Tia Murray, BS, CLC, CD(DONA), has received the Deborah A. Hobbins Graduate Student Award in Reproductive Health, Rights, and Justice. Tia is a Ph.D. Student in Human Ecology: Human Development and Family Studies at the UW-Madison School of Human Ecology and Co-Founder & CEO of Harambee Village Doulas.
Tia is a certified Birth Doula, through Doulas of North America International (DONA). She is also a certified lactation counselor, and considers herself a community-based doula. Tia was born and raised in Madison, Wisconsin and always dreamed of giving back to her community. As a non-traditional student and a single mother, she attended the University of Wisconsin- Madison and received her Bachelors of Science in Community and Environmental Sociology. In addition to becoming a Fellow in UW’s Infant, Early Childhood, and Family Mental Health Graduate Capstone program, she also holds an Associates of Science degree, as well as an Ethnic Studies Certificate.
Tia has passionately worked with women, children and families in multiple capacities throughout her professional career. Her work has focused heavily on social justice, reproductive justice, access to culturally sensitive maternal and child health care, and the promotion of community-based intervention and prevention programing. Tia has worked diligently with young children with disabilities or developmental challenges, has supervised home visitors, and has worked with women struggling with homelessness, health issues, substance abuse, and mental health challenges.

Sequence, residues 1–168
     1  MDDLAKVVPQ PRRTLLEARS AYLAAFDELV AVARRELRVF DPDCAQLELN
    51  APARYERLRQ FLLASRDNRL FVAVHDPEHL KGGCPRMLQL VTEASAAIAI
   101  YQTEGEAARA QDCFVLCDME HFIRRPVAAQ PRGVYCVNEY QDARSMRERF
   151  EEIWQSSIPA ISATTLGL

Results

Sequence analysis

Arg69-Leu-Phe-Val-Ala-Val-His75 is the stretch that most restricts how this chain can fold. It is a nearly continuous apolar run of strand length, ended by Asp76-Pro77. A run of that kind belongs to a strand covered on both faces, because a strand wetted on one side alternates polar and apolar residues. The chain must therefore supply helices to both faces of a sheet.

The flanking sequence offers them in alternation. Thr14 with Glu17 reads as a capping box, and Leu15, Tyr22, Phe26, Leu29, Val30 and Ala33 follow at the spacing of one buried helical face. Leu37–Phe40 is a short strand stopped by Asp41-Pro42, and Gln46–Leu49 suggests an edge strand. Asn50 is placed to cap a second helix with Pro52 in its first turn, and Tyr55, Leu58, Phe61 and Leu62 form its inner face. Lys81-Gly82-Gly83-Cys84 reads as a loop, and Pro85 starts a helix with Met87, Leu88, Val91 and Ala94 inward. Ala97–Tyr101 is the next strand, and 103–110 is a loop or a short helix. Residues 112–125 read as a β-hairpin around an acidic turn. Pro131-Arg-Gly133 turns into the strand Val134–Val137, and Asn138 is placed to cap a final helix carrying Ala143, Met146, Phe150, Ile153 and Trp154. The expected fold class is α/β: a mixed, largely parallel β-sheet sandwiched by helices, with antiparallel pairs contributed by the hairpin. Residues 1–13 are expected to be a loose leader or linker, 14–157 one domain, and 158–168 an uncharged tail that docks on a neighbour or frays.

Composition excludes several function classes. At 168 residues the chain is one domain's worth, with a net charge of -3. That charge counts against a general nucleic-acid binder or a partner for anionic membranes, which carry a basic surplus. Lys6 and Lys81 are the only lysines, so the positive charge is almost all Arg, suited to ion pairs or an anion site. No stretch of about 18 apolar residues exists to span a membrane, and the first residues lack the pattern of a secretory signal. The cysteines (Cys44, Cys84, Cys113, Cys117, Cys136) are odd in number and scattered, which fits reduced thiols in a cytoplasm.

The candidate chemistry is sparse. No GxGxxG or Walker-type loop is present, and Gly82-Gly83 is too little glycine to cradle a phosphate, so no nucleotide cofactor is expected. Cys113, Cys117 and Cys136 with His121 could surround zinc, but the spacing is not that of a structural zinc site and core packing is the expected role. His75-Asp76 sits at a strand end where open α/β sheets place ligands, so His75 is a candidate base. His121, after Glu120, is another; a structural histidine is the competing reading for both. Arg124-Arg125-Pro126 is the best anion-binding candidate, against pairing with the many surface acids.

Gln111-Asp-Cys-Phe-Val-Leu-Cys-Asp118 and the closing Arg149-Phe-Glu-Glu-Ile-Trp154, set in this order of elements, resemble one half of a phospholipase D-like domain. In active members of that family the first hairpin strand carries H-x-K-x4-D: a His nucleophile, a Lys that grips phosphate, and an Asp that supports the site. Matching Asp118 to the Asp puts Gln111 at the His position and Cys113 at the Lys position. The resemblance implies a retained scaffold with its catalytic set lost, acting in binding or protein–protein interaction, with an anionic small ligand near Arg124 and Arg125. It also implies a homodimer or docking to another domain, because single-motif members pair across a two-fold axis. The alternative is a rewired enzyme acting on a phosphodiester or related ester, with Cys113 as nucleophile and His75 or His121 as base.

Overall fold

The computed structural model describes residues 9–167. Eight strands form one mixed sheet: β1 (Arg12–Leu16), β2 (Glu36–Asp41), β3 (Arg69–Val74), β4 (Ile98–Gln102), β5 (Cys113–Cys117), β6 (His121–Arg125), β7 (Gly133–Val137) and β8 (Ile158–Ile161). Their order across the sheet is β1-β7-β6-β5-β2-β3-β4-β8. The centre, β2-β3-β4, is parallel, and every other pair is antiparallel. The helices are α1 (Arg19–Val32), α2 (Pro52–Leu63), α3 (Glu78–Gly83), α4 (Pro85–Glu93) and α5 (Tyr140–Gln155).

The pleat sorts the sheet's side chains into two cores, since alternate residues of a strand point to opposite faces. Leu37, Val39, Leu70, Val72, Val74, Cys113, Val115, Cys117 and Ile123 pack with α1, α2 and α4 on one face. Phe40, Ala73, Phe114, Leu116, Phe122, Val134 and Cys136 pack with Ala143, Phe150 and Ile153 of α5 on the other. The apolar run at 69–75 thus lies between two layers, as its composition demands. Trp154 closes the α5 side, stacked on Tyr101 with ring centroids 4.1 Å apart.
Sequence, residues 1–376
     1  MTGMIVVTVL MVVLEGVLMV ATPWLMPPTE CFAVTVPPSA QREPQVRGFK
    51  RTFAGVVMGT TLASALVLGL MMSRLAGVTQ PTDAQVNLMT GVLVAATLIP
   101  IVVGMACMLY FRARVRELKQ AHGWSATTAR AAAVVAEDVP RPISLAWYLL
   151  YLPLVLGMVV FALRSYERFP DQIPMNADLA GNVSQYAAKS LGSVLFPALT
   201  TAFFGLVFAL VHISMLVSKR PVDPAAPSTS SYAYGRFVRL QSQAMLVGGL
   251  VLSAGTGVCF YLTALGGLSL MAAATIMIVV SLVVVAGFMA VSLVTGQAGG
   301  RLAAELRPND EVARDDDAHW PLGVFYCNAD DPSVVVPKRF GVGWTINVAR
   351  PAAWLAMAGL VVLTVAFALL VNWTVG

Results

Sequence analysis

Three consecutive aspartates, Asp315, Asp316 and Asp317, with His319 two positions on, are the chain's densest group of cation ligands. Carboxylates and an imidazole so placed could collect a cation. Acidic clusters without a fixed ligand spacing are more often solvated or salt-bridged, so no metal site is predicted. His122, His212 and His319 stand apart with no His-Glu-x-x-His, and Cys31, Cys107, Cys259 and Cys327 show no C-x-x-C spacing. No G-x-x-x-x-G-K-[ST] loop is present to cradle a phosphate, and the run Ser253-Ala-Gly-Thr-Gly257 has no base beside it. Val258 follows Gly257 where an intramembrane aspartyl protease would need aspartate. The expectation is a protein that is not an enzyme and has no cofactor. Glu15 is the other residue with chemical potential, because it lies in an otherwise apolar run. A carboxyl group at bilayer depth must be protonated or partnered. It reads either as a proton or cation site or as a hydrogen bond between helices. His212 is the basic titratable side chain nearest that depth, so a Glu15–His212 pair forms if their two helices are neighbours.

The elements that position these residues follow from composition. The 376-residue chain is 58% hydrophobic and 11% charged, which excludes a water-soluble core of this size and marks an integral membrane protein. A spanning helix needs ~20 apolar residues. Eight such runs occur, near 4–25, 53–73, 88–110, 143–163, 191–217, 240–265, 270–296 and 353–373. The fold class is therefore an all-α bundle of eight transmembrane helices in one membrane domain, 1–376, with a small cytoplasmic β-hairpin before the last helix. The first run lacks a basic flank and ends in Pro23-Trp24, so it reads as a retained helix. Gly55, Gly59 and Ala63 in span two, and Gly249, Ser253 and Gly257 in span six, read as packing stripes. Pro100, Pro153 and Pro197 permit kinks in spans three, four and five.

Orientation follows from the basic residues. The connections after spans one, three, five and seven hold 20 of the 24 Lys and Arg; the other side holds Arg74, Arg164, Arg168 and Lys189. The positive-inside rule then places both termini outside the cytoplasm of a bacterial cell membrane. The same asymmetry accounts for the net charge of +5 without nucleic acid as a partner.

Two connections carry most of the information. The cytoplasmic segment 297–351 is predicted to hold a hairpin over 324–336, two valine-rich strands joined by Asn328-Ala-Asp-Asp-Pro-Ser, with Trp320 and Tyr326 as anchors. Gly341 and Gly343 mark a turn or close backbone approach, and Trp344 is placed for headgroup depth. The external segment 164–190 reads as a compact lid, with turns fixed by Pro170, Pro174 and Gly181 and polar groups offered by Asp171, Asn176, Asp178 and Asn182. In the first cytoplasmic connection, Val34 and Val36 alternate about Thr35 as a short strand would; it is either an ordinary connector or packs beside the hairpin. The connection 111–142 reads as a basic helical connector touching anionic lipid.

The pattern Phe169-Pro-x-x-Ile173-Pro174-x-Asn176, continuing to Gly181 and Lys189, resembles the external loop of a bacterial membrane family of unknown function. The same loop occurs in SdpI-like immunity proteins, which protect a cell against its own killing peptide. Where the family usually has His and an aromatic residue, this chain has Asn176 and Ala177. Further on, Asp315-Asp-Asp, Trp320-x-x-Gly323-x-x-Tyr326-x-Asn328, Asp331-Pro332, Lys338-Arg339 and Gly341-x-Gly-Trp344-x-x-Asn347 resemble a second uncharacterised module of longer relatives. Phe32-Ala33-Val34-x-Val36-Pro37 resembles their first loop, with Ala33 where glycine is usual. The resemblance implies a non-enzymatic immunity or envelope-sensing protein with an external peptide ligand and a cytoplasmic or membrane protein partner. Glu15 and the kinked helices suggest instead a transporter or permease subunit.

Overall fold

She strongly believes that it is crucial to meet families where they are at, to be curious and inclusive, and to provide culturally and socially sensitive support services. Tia, a mother of five beautiful children, continues working closely with women and their infants, children and families, to provide early intervention in respect to health inequities across the lifespan. In an attempt to meet a need in her community, she co-founded a community- based doula agency in 2014 that provides culturally situated, and evidence-based pregnancy, birth, infant and lactation support to mothers and families in South Central Wisconsin; Harambee Village: Pregnancy, Childbirth, and Breastfeeding Care. Ms. Murray supports community empowerment by providing information, leadership, and advocacy on issues affecting community health and well-being.
Tia’s research interests include bringing greater awareness to the root causes of residual impacts of racial inequities in maternal and child health. In particular, black infant mortality is something that she would like to bring more academic attention to. Community-based participatory research is of most interest to her work. She is also interested in furthering research on the benefits of doulas on perinatal health outcomes, particularly in communities of color, and in respect to racial disparity. She posits that research and interventions need to address the institutionalized forms of racism that perpetuate persistent racial disparities in the U.S. She also feels it imperative to reframe our language and research in respect to racial health disparities, and to critically analyze and address the root causes of racial inequities and injustices using a reproductive justice framework.